Scott’s Thoughts: In many ways, Hadlock Field feels like an overgrown Little League park. The external facade is rather understated. The seating is only single-level, not two decked (with the exception of the press boxes behind home plate. Beyond the outfield fans can see trees, not the skyscrapers and industry of other city-based ballparks. Hadlock was built as a bit of an afterthought in a more residential area, rather than other city ballparks built to be a primary draw to a district.
I had seats down the first base line in the outfield. I was surprised to see netting this far down the line; I’m in favor of extending the netting at most parks up to the end of the dugout, but at this distance it seemed a bit unnecessary. The view of the infield wasn’t bad, though I struggled to see some of the plays out in right field. Finally, for fans going to evening games at Hadlock Field, I’d highly recommend seats on the third base line. The sun was right in our eyes for most of the first game, and the seats on the third base were both in shade and a little more protected by the wind.
The concourse looks and feels simplistic, but there’s something nice about that. It is well away from the action though; you can’t keep an eye on the game while you wait in line for food. Speaking of food options, Portland has most of the standards, though when in season they do offer lobster rolls.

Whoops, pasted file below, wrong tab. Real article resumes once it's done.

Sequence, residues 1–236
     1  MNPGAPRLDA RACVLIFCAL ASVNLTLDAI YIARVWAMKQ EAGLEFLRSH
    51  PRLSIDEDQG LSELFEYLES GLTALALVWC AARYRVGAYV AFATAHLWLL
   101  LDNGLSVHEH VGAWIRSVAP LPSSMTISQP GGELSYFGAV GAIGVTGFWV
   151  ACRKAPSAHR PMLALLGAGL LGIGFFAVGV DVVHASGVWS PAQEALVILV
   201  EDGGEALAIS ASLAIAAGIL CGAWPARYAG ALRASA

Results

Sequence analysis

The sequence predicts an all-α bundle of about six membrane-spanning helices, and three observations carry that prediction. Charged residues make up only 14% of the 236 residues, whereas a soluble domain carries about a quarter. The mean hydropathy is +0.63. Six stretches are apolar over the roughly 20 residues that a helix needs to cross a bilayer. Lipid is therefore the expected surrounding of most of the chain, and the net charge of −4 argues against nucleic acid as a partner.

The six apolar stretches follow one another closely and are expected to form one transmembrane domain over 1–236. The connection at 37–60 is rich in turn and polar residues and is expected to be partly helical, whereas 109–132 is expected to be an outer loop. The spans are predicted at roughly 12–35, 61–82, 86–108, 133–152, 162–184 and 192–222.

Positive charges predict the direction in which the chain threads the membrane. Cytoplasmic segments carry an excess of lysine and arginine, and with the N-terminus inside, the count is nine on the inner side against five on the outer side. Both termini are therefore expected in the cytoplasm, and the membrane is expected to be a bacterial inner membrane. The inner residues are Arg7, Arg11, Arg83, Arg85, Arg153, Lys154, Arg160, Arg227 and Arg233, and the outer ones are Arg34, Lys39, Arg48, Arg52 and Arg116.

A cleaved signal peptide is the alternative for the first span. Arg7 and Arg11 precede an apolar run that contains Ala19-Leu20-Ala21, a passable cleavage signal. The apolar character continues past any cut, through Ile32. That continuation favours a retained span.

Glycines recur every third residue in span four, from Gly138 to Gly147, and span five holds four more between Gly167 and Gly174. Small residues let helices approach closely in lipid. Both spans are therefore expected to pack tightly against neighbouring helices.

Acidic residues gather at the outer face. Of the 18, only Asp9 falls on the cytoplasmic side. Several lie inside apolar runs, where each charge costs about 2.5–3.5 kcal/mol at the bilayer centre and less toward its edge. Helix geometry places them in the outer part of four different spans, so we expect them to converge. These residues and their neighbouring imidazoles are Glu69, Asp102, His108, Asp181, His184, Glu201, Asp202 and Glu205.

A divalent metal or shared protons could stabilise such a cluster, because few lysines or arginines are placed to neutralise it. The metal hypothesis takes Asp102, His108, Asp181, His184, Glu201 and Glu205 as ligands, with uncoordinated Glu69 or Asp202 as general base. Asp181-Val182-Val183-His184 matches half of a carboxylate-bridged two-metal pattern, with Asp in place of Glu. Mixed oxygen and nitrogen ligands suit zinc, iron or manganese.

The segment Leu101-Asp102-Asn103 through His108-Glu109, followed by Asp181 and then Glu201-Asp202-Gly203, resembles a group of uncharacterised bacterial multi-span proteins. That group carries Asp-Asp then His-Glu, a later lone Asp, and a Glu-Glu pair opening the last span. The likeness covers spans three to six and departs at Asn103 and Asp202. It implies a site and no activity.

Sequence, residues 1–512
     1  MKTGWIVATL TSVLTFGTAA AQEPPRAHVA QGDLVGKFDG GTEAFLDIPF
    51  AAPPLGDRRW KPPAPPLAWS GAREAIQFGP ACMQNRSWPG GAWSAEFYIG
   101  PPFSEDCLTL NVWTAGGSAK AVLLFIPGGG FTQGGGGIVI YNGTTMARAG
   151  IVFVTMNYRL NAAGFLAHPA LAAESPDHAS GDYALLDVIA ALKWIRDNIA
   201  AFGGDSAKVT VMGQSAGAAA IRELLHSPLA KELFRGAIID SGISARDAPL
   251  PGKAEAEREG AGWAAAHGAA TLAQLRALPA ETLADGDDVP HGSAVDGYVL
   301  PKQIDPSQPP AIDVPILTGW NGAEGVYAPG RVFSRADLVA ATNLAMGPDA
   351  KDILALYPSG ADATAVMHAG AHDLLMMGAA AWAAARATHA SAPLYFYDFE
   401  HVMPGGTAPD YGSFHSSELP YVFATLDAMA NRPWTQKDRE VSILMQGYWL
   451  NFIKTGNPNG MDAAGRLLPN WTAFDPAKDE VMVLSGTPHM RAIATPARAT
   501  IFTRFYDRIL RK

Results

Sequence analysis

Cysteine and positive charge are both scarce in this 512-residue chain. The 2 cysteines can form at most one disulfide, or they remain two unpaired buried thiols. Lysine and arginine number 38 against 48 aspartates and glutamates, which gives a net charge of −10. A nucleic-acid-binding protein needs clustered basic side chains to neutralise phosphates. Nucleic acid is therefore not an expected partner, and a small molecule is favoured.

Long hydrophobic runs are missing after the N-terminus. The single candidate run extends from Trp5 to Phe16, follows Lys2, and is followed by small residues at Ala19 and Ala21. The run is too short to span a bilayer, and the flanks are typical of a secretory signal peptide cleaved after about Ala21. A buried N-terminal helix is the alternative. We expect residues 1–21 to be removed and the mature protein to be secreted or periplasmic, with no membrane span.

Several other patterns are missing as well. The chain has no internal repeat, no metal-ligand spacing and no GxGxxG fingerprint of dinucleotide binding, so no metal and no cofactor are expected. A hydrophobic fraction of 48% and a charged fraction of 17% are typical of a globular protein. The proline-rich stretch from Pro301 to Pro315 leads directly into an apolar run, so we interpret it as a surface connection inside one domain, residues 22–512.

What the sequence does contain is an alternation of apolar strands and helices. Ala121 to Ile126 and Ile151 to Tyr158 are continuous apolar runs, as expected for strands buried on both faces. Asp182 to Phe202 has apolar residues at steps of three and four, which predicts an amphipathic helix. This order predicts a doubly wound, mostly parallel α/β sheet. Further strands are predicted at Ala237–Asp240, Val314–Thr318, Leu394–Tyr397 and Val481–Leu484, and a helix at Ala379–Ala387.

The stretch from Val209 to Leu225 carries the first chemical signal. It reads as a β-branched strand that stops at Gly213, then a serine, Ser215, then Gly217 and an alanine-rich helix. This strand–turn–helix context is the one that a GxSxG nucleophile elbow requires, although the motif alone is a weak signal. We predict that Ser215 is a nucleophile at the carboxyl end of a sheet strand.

It’s in the beer options where Hadlock Field excels. On the third base line, the main drinks option is the Shipyard Grill. Shipyard is a local Portland brewery, and has at least 6 different drafts on tap. At the other end of the ballpark is another, smaller stand with local craft beers like Sea Dog brewery. If you enjoy cracking open a cold one at the ballgame, Hadlock Field is the place for you.
My colleague Brett Hall is a connoisseur of minor league ballpark team shops, but he might not enjoy the shop at Hadlock Field; or, rather, the small shack.
Besides the standard ballcaps and a few other clothing items, the souvenir “shoppe” was pretty underwhelming.
For someone used to a big-city ballpark like Detroit or even Cleveland, Hadlock Field will feel a bit less exciting and advanced. But it fits the city of Portland and the state of Maine, famous for being a more slow-paced, vacation area. Hadlock Field is a perfect example of the idea that the ballpark must fit the city. Hadlock Field brands itself as “Your Nine Inning Vacation;” a bit cliche, perhaps, but entirely accurate for this understated, down-to-earth ballpark.